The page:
10

The arithmetic mean of two unsigned integers is defined as:

mean = (a+b)/2

Directly implementing this in C/C++ may overflow and produce a wrong result. A correct implementation would avoid this. One way of coding it could be:

mean = a/2 + b/2 + (a%2 + b%2)/2

But this produces rather a lot of code with typical compilers. In assembler, this usually can be done much more efficiently. For example, the x86 can do this in the following way (assembler pseudo code, I hope you get the point):

ADD a,b   ; addition, leaving the overflow condition in the carry bit
RCR a,1   ; rotate right through carry, effectively a division by 2

After those two instructions, the result is in a, and the remainder of the division is in the carry bit. If correct rounding is desired, a third ADC instruction would have to add the carry into the result.

Note that the RCR instruction is used, which rotates a register through the carry. In our case, it is a rotate by one position, so that the previous carry becomes the most significant bit in the register, and the new carry holds the previous LSB from the register. It seems that MSVC doesn't even offer an intrinsic for this instruction.

Is there a known C/C++ pattern that can be expected to be recognized by an optimizing compiler so that it produces such efficient code? Or, more generally, is there a rational way how to program in C/C++ source level so that the carry bit is being used by the compiler to optimize the generated code?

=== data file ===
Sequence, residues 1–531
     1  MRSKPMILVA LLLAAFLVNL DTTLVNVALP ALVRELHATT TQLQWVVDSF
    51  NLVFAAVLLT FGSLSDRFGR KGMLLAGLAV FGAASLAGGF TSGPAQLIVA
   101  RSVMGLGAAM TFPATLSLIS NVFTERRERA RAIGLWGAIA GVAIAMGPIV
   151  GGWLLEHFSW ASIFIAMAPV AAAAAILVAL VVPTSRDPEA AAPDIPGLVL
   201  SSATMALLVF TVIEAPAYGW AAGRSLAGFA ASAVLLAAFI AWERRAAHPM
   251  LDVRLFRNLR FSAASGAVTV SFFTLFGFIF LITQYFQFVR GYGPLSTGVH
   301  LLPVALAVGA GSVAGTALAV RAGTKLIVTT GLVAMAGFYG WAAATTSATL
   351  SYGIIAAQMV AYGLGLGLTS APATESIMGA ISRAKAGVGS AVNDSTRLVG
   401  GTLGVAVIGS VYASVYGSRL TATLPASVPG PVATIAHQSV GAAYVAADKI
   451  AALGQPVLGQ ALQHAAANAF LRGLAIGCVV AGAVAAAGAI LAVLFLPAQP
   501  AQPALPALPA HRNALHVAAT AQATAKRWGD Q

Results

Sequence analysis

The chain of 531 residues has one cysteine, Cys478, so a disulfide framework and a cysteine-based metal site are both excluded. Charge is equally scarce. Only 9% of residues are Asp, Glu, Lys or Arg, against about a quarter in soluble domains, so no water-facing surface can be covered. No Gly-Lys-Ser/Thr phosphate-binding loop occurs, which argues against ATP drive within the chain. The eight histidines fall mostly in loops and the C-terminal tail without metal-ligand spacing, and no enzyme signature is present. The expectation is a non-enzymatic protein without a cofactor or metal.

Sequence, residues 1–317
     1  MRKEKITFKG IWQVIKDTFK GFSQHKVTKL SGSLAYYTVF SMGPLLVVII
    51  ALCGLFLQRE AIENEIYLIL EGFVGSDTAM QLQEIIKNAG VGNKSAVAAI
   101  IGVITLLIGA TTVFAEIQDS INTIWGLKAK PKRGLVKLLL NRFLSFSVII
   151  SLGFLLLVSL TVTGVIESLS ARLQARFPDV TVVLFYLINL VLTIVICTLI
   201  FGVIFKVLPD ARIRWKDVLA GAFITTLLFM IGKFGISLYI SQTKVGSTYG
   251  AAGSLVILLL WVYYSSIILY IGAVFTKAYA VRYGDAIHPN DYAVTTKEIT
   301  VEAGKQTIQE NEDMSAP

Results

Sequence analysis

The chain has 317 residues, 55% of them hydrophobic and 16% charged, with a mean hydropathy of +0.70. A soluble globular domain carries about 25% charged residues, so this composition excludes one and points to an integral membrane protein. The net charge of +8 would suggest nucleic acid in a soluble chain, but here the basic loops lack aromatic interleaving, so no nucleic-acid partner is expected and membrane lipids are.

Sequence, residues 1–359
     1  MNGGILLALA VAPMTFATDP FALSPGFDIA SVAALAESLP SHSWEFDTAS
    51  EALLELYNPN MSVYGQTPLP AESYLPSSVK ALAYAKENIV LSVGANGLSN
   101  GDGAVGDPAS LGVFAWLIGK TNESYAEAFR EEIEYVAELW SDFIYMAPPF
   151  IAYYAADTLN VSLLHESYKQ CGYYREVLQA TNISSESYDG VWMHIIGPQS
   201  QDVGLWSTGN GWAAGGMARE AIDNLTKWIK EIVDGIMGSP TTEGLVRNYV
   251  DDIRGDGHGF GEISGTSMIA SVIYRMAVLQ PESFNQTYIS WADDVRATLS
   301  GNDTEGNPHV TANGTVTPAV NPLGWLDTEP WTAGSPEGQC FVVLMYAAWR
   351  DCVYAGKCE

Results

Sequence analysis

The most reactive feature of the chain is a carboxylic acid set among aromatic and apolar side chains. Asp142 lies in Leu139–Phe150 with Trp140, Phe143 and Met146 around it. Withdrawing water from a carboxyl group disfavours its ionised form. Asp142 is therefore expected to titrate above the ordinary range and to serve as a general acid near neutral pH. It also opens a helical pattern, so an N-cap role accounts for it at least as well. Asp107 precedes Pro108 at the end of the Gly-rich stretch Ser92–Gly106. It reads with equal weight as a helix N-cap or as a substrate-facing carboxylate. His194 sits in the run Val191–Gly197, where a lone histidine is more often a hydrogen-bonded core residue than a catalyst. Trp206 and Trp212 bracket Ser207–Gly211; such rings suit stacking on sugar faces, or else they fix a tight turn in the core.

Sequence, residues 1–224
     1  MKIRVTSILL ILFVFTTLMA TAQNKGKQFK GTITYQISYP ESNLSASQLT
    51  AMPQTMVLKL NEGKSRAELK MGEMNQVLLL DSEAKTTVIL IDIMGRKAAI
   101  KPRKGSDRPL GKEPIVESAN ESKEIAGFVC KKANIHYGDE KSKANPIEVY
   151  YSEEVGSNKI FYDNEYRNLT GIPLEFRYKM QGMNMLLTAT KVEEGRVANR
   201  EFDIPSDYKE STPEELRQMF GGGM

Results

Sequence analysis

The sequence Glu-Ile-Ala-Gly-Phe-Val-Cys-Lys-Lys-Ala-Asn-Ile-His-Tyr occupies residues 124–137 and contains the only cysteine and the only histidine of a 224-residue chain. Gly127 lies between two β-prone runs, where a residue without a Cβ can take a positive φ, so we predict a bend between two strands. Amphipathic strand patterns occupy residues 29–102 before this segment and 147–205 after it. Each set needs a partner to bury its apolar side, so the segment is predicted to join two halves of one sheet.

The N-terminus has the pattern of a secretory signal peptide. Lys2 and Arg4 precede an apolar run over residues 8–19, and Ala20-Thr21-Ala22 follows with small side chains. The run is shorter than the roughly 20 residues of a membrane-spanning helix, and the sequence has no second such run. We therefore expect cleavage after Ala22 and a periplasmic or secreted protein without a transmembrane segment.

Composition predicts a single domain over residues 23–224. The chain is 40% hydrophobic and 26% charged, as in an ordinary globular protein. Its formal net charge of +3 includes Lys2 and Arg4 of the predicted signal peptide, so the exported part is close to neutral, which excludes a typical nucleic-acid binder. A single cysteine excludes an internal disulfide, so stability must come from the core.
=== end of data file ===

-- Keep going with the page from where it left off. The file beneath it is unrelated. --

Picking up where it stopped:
EDIT:

A 1-hour lecture about std::midpoint: https://www.youtube.com/watch?v=sBtAGxBh-XI

Wow!

EDIT2: Great discussion on Microsoft blog

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    In C++20: en.cppreference.com/w/cpp/numeric/midpoint
    – m88
    Feb 7 at 13:24
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    Consider ((wider_type)a+b)/2. Feb 7 at 13:58
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    You should clarify that you're looking for unsigned arithmetic mean. Your "add + rcr" gives the wrong answer for signed integers. Many compilers have an intrinsic for "add and report carry-out" which you can use. Then divide by 2 and set the top bit based on carry-out, or use a rotation intrinsic. Feb 7 at 14:07
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    @sh- Yeah well you mention "If correct rounding is desired, a third ADC instruction would have to add the carry into the result." This extra addition by +1 only makes sense for rounding direction of signed negative numbers. But in case of signed numbers, carry isn't set, but overflow. Hence my confusion.
    – Lundin
    Feb 7 at 14:11
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    @chux-ReinstateMonica: Widening compiles really efficiently, as expected for types less than a reg width. Surprisingly also fairly decent for uint64_t using unsigned __int128 as the wider type: compilers materialize the high half 0/1 and then shrd it in. godbolt.org/z/sz53eEYh9 shows that and other formulae proposed in answers and comments. On ARM64, that only takes 3 total instructions, adds/adcs/extr. So it's only 1 worse than you could do in asm, if ARM64 has an RCR. Feb 7 at 14:37

2 Answers 2

8

The following method avoids overflow and should result in fairly efficient assembly (example) without depending on non-standard features:

    mean = (a&b) + (a^b)/2;
3
7

There are three typical methods to compute average without overflow, one of which is limited to uint32_t (on 64-bit architectures).

// average "SWAR" / Montgomery